Once upon a time, there was a TV show. This TV show came roaring out of the gate from its very first episode, and both the critical community and the general public were swept up in the excitement. Though its first season had ups and downs, everyone agreed that it was monstrously entertaining, and nobody could wait to see where it went from there. Then it crawled up its own ass, spun out into ridiculous subplot after ridiculous subplot, and became actively annoying to watch. Then it tanked. And that show, ladies and gentlemen, was called Heroes.

You know how we read fairy tales to our kids about children who come to unfortunate ends because they didn't learn a valuable lesson? I'd like to read "The Tale of Heroes" to the production team behind House of Cards and hope they take it to heart. Its first season easily made my Best of 2013 list, snagging the spot for second best show of my year. Back then, I said that the Underwoods' quest for power involved "backstabbing schemes that are jaw-dropping without ever straying too far from plausibility". Damn, Africa. What happened?

The second season started off strong, wrapping up a loose end from Season 1 in a swift and shocking way. And it ended strong, with a foreboding and satisfying conclusion. In fact, House of Cards managed to tell four episodes' worth of very compelling stories about the Underwoods' continuing rise to power. Trouble is, the season is thirteen episodes long. What does that mean? Paaaaaaddddddding. Padding, padding, padding. Subplots about Adam the photographer. Subplots about Freddy the barbecue guy. Subplots about Rachel the call girl, who should receive a trophy for being Television's Most Boring Character. If these subplots were as well-crafted as the main story, I wouldn't have minded. But they weren't. They were tedious to the point that I could almost imagine a shot-clock just off screen that the characters were attempting to run down.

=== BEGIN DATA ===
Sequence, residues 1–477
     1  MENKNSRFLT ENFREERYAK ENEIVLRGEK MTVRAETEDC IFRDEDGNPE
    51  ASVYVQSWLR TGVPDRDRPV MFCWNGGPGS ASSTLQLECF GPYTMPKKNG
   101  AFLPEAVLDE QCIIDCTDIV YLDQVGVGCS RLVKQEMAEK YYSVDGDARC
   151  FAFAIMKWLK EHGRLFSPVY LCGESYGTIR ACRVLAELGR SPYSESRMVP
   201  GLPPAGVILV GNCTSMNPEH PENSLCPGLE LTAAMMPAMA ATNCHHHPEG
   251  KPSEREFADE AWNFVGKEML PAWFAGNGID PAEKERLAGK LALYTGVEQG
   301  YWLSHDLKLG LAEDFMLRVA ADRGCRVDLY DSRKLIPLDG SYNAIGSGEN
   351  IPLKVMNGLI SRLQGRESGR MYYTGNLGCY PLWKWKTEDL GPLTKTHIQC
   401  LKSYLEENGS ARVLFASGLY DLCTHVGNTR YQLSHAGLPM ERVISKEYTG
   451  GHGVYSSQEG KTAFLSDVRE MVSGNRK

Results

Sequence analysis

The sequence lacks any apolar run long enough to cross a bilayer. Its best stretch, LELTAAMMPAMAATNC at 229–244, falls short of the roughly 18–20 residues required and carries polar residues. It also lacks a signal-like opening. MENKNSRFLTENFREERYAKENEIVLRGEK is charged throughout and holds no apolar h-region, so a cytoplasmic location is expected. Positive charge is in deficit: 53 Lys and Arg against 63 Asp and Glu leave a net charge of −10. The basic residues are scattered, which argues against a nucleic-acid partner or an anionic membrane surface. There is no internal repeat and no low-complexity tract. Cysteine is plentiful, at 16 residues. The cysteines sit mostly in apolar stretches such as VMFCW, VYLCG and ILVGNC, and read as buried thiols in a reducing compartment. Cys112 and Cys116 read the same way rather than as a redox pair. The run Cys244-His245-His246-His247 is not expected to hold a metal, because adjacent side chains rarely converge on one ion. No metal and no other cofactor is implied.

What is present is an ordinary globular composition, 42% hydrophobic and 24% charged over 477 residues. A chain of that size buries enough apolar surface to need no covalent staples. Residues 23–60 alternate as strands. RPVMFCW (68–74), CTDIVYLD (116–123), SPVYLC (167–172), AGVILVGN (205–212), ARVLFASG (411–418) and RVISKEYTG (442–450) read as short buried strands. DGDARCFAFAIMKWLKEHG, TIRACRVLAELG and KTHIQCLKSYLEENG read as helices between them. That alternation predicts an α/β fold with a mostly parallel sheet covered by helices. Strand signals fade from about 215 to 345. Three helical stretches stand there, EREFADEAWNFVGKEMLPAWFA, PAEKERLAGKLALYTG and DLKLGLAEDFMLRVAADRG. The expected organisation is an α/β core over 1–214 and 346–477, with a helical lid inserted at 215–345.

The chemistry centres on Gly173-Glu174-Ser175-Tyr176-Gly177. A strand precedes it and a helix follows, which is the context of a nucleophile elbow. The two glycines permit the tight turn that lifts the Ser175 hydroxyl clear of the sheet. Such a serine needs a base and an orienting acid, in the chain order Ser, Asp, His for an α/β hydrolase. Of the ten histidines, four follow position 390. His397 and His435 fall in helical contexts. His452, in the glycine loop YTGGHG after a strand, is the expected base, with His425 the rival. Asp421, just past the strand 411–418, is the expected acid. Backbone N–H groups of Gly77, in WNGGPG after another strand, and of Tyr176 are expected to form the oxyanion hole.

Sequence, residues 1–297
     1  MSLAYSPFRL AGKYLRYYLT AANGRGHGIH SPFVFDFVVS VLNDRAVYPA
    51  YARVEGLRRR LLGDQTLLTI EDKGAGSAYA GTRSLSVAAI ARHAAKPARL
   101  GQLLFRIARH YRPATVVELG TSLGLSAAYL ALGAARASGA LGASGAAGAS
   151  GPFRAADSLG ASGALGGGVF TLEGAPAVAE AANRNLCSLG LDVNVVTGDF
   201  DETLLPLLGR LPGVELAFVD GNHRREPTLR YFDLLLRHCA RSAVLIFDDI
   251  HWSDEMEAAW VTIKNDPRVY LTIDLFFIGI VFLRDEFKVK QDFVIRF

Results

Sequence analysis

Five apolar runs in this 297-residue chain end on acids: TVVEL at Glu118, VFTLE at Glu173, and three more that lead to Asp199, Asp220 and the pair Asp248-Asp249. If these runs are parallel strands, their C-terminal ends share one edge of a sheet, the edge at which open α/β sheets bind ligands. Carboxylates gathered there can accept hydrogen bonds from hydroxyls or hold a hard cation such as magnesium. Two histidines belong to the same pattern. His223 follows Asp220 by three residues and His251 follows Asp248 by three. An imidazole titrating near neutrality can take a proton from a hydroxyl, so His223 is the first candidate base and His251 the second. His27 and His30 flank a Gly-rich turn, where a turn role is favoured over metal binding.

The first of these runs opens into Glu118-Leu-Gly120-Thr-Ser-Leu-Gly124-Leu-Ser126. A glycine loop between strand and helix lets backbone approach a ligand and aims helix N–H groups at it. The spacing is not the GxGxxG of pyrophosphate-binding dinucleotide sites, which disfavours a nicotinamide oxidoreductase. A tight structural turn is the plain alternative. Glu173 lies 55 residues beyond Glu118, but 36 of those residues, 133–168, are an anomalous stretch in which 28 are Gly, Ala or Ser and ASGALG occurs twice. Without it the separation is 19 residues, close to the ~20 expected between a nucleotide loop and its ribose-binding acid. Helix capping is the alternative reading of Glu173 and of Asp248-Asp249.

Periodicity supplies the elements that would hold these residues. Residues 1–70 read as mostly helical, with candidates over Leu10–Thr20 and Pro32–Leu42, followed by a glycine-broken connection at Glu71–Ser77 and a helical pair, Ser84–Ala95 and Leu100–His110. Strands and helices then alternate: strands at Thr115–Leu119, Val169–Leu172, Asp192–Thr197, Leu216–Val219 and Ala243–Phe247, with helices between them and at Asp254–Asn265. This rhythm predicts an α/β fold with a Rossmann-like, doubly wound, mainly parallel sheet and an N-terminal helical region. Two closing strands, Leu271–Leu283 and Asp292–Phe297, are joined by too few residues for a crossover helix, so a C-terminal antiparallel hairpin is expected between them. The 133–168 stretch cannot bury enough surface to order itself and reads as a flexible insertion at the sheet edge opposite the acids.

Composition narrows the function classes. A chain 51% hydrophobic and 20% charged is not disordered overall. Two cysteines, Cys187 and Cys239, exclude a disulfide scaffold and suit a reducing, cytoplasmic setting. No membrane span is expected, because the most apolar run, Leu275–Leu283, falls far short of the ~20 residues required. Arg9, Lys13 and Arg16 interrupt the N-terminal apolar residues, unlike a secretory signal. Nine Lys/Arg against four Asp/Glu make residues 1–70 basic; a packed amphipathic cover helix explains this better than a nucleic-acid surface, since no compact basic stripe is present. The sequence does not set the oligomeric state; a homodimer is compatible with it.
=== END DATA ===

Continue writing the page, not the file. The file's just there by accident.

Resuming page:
Even the main characters don't get off scot-free. Raymond Tusk, whom I gather was supposed to be Frank's worthy opponent this season, vacillated between inept strategies and cartoonish super-villainy. A bunch of time is devoted to the Mystery of Why Jackie Gets Tattoos. I'll go ahead and spoil that one for you: She likes pain. Isn't your mind blown? Speaking of blowing, the other big problem with this season is the sex scenes. I'm no prude - I enjoy a good sex scene as much as the next guy, but it has to make narrative sense within the story. Without even blinking, I can think of three scenes of non-normative sex presented this season with absolutely zero payoff, story-wise. They just wedged them in so the audience would be titillated. It wasn't a terrible season. Like I said, there was at least four hours of really compelling television buried in the bloat. Kevin Spacey didn't have much to do but purr evilly (which is not his fault), but Robin Wright had a tremendously strong run of episodes. And hey, Cashew the guinea pig sure is adorable.

I've been tremendously lucky with the television shows I've been watching this season; most of them have been hitting it out of the park. Maybe if it were a more lackluster season overall, this show wouldn't have come off as so disappointing. Given the end scene of Season 2, it's a little difficult to predict where the show will go from here, but I'm interested in finding out. I'm still on board for Season 3, though I'll be approaching it with a wary eye.

House of Cards - Season 2: C+